Our unbelief is always wanting some outward sign. The religion of many is largely sensational, and they are not satisfied of its genuineness without manifestations, etc.; but the greatest triumph of faith is to be still and know that He is God.
The great victory of faith is to stand before some impassable Red Sea, and hear the Master say, “Stand still, and see the salvation of the Lord,” and “Go forward!” As we step out without any sign or sound–not a wave-splash–and wetting our very feet as we take the first step into its waters, still marching on we shall see the sea divide and the pathway open through the very midst of the waters.
If we have seen the miraculous workings of God in some marvelous case of healing or some extraordinary providential deliverance, I am sure the thing that has impressed us most has been the quietness with which it was all done, the absence of everything spectacular and sensational, and the utter sense of nothingness which came to us as we stood in the presence of this mighty God and felt how easy, it was for Him to do it all without the faintest effort on His part or the slightest help on ours.
It is not the part of faith to question, but to obey. The ditches were made, and the water came pouring in from some supernatural source. What a lesson for our faith!
Are you craving a spiritual blessing? Open the trenches, and God will fill them. And this, too, in the most unexpected places and in the most unexpected ways. Oh, for that faith that can act by faith and not by sight, and expect God to work although we see no wind or rain.
–A. B. Simpson
From: Through the Bible
Isaiah 62:1, 6-7 (NIV) 1For Zion’s sake I will not keep silent, for Jerusalem’s sake I will not remain quiet, till her righteousness shines out like the dawn, her salvation like a blazing torch.
6I have posted watchmen on your walls, O Jerusalem; they will never be silent day or night. You who call on the LORD, give yourselves no rest, 7and give him no rest till he establishes Jerusalem and makes her the praise of the earth.
The Lord desires our constant intercession. He asks us to pray without ceasing. Regardless of how you interpret Zion and Jerusalem, we are not to remain silent. We need to share the great love of our God until so many enter the Kingdom of God that righteousness shines like the dawn and their salvation like a blazing torch. The more an area is converted and sharing their life’s example, the more the Spirit of God dominates that area. People can’t help but come under the conviction of the Holy Spirit, because He works through the prayers of God’s people.
The LORD pleads with us to never rest from intercession. He wants us to give Him no rest, but to bombard heaven with requests for salvation and the transformation of lives.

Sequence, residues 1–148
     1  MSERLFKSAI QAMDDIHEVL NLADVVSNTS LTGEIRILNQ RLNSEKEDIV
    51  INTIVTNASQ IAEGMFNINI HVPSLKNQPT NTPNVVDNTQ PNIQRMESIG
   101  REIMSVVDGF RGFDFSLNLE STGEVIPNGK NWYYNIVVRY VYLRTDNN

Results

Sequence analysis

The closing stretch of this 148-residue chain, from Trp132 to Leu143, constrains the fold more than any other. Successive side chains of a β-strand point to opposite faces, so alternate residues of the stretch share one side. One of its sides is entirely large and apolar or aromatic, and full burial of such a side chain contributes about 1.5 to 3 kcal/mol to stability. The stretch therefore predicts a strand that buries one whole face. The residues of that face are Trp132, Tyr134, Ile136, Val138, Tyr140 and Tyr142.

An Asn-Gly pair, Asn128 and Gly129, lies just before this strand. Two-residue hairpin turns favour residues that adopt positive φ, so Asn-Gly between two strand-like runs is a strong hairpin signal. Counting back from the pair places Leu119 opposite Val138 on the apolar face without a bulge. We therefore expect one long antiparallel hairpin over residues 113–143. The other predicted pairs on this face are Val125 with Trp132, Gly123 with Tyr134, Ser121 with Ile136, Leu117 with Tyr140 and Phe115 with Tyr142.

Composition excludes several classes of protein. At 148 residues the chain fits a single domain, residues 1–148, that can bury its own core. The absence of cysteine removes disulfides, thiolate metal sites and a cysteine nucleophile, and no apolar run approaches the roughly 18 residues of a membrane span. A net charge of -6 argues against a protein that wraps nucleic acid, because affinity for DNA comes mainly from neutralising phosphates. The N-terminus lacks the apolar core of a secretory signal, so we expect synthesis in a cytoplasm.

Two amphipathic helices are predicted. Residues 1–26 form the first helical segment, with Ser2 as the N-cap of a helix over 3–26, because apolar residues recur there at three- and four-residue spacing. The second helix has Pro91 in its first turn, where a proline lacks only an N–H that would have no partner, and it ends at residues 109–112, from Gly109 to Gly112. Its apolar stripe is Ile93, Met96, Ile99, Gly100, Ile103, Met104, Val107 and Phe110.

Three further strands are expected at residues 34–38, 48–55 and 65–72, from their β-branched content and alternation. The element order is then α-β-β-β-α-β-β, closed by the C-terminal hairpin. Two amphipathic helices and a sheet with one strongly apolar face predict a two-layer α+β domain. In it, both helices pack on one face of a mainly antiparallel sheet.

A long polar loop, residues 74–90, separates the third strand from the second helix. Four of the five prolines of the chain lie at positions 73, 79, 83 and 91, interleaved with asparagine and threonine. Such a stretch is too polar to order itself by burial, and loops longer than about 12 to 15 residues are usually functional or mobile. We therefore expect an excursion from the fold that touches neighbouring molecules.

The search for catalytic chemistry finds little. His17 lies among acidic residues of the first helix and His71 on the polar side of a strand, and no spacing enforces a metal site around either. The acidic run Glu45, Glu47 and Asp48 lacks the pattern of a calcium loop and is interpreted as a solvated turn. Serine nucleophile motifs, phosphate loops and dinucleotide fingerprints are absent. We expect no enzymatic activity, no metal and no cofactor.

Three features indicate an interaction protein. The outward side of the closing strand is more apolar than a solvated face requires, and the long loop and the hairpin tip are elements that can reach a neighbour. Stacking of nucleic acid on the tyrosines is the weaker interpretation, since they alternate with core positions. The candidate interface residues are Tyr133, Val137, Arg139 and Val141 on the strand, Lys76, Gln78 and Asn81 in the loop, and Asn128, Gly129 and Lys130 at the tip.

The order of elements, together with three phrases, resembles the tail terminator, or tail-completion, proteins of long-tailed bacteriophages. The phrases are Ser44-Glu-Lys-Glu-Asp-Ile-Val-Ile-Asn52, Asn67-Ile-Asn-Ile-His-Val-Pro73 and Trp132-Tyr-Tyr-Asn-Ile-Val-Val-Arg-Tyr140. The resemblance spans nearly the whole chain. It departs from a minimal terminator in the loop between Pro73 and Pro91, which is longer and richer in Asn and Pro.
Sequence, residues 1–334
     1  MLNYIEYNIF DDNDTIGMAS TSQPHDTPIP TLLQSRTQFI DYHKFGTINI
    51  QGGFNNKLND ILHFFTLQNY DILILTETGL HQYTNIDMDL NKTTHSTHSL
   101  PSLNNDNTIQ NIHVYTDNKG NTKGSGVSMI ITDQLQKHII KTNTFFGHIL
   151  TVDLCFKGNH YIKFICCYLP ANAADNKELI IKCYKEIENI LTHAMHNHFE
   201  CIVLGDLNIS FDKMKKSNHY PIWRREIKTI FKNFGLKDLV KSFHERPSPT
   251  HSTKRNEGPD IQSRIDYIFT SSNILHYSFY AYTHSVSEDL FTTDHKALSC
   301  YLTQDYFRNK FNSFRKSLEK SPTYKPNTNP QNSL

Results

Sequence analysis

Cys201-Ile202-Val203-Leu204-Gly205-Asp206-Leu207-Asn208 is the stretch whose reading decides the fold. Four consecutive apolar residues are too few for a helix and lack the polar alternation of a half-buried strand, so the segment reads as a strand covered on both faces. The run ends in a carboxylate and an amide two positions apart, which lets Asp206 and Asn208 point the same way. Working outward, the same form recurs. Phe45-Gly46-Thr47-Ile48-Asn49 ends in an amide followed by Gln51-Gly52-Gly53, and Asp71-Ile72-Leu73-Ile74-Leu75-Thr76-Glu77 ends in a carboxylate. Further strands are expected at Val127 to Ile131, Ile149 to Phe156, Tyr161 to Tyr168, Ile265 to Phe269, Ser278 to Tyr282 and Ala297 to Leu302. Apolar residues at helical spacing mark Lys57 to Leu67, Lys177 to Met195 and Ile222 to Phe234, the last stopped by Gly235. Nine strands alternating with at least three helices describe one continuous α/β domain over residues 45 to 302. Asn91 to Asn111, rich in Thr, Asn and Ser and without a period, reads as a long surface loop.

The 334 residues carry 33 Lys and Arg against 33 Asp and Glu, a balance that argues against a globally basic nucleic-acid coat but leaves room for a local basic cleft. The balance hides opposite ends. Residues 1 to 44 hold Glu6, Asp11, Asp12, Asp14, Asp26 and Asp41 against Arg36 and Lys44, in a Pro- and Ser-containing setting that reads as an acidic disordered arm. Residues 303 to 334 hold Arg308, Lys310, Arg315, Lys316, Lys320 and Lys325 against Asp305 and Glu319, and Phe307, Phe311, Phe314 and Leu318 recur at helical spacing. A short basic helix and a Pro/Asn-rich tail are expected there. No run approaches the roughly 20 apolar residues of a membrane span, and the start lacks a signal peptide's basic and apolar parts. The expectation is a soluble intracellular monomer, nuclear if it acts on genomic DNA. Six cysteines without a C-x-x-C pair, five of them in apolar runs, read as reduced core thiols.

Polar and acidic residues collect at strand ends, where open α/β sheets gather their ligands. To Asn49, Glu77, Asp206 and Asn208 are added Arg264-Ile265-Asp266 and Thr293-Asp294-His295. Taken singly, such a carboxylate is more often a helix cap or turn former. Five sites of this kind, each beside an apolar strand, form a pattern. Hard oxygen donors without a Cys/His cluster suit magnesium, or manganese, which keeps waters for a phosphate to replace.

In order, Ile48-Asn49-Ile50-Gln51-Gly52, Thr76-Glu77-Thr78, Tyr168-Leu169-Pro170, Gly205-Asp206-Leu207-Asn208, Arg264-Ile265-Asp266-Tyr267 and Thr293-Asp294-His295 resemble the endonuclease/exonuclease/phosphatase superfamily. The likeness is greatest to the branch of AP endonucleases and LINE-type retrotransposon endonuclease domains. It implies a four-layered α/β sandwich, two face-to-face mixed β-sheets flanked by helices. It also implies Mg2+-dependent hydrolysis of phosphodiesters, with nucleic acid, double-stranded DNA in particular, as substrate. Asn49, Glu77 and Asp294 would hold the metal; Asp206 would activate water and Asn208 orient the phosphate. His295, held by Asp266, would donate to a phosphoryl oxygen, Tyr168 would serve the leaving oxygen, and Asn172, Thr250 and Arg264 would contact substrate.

One day the heavenly city will be established in Jerusalem. The world will come to worship on bended knee, confessing Jesus as LORD. Peace and righteousness will be the order of the Kingdom, but until that day comes keep praying. Keep interceding for the lost. Keep heaven busy with your prayer requests. Don’t be silent! Don’t let entertainment, or any distraction, steal your time with God. It has eternal value. Pray!
Consider: How does this verse apply to you and your city?
1 Peter 5:2-4 (NIV) 2Be shepherds of God’s flock that is under your care, serving as overseers–not because you must, but because you are willing, as God wants you to be; not greedy for money, but eager to serve; 3not lording it over those entrusted to you, but being examples to the flock. 4And when the Chief Shepherd appears, you will receive the crown of glory that will never fade away.
Peter is addressing the elders that read the letter to the local church. You will find that the New Testament always addresses elders in a city in the plural. The elders were the overseers of each church. They are to serve willingly, not out of obligation. Shepherding a congregation has many difficulties. It isn’t a job that was readily desired, for it means going above and beyond in service. It means a life that exemplifies the life of Christ.
The elders are not chosen for their status in life. Some might come from a low-income level and find the financial support of the believers to be more than they made in their former employment. Usually they end up living on substantially less income. Finances should never be a factor in whether they accept a call or not. From rich or poor backgrounds, elders should serve because God wants them to. An elder’s chief desire should be to please the Lord.
The elders are not to throw their weight around in an authoritarian way. In everything, they should be an example to the flock. Even when discipline is necessary, they should do it with love and gentleness. For this life of service and sacrifice, there is a promise to look forward to. The Chief Shepherd will give the faithful ones a crown of glory that will never fade.
Consider: Are you praying for your shepherds? It is easy to criticize their service, but would you want their job? They must answer to the Chief Shepherd. Help them be willing servants by your encouragement and prayers. What does a good sheep do?